8
$\begingroup$

Is there a common nomenclature (not necessarily IUPAC) for naming linear alkanes with $n$ carbons without resorting to Greek/Latin numerical prefixes (hex-, hept-, etc.)?

For instance, is there a name for the higher linear alkane of $\mathrm{50}$ carbon atoms other than n-pentacontane? ("Not necessarily IUPAC" is meant in the same sense that $\alpha$, $\beta$, and $\gamma$ nomenclature don't follow IUPAC rules but are nevertheless often used to designate relative positions of carbon atoms)

$\endgroup$
  • 3
    $\begingroup$ Informally you can address them as C50, once you set up the stage. But you should feed the IUPAC first. $\endgroup$ – ssavec Feb 25 '16 at 9:28
  • 2
    $\begingroup$ I suspect the most compact way (and what most chemists would use) is to specify the generic formula like CH3(CH2)n(CH3) which is unambiguous and saves having to know any latin or greek numeric prefixes for big numbers. $\endgroup$ – matt_black Feb 25 '16 at 11:28
  • $\begingroup$ ^^ matt_black's post definitely seems, to me, to describe a method more common than using the Latin/Greek method, even. $\endgroup$ – SendersReagent Feb 25 '16 at 23:00
  • $\begingroup$ That condensed formula certainly satisfies what I'm looking for, though I was personally hoping for something that rolls off the tongue a little more concisely. (Though of course that is not a qualification for being a answer.) In the same sense that the point group associated with a tetrahedral molecule can be concisely referred to as $T_d$ $\endgroup$ – Bob Feb 26 '16 at 0:16
  • 1
    $\begingroup$ Great idea, something like n-[50]carbane would be useful. $\endgroup$ – mykhal Apr 22 '17 at 22:19
1
$\begingroup$

This does not answer you question, just mentions an alternative name that does have that count arabic numeral in the name, but is not eliminating the greek/latin prefixes. One could use IR-7.4 INORGANIC CHAINS AND RINGS nomenclature that would be impractical, e.g. the mentioned n-pentacontane would become dohectahydridopentacontacarby[50]catena or maybe even 1,1,1,2,2,3,3,4,4,5,5,6,6,7,7,8,8,9,9,10,10,11,11,12,12,13,13,14,14,15,15,16,16,17,17,18,18,19,19,20,20,21,21,22,22,23,23,24,24,25,25,26,26,27,27,28,28,29,29,30,30,31,31,32,32,33,33,34,34,35,35,36,36,37,37,38,38,39,39,40,40,41,41,42,42,43,43,44,44,45,45,46,46,47,47,48,48,49,49,50,50,50-dohectahydridopentacontacarby[50]catena (not to confuse with catenanes).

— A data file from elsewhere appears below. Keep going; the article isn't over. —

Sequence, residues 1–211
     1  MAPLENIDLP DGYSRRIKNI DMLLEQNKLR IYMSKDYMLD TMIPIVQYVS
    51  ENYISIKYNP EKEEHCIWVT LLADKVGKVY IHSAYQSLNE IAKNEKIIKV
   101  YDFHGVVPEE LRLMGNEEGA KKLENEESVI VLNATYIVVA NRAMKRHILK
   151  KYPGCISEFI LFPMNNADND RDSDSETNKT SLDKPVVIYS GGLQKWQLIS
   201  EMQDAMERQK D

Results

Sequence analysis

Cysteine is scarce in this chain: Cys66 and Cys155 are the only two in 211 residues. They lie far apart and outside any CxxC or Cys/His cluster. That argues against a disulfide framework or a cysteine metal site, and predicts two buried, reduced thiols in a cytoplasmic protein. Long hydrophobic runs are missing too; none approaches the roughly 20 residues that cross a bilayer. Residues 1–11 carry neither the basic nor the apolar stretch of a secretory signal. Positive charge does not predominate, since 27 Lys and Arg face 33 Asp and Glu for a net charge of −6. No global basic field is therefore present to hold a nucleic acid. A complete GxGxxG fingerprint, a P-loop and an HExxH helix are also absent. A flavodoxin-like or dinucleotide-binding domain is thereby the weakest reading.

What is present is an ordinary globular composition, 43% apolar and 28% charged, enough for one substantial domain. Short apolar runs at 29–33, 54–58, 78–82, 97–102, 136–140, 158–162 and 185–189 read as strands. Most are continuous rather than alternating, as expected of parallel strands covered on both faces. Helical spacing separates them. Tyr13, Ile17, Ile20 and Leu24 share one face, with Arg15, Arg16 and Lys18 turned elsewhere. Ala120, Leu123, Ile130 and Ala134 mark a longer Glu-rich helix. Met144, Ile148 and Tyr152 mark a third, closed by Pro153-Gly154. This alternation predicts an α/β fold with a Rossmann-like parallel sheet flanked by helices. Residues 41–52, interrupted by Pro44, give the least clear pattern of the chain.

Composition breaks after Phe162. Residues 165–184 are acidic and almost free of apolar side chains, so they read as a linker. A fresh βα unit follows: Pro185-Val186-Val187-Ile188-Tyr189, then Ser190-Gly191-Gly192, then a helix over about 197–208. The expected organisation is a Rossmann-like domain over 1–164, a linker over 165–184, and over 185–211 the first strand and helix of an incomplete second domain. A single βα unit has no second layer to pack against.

$\endgroup$
  • 1
    $\begingroup$ Bliss you :-) $\text{ }$ $\endgroup$ – Hexacoordinate-C May 29 '17 at 22:49
  • 1
    $\begingroup$ That sounds even worse than using the simpler nomenclature that comes from greek numbers. It also seems way unnecessary. $\endgroup$ – matt_black May 29 '17 at 23:34
  • $\begingroup$ Sorry for the late response. I think this is a little unwieldy, to be honest, and I'm not sure what benefits this would confer. $\endgroup$ – Bob Jun 21 '17 at 6:29

Your Answer

By clicking “Post Your Answer”, you agree to our terms of service, privacy policy and cookie policy

Not the answer you're looking for? Browse other questions tagged or ask your own question.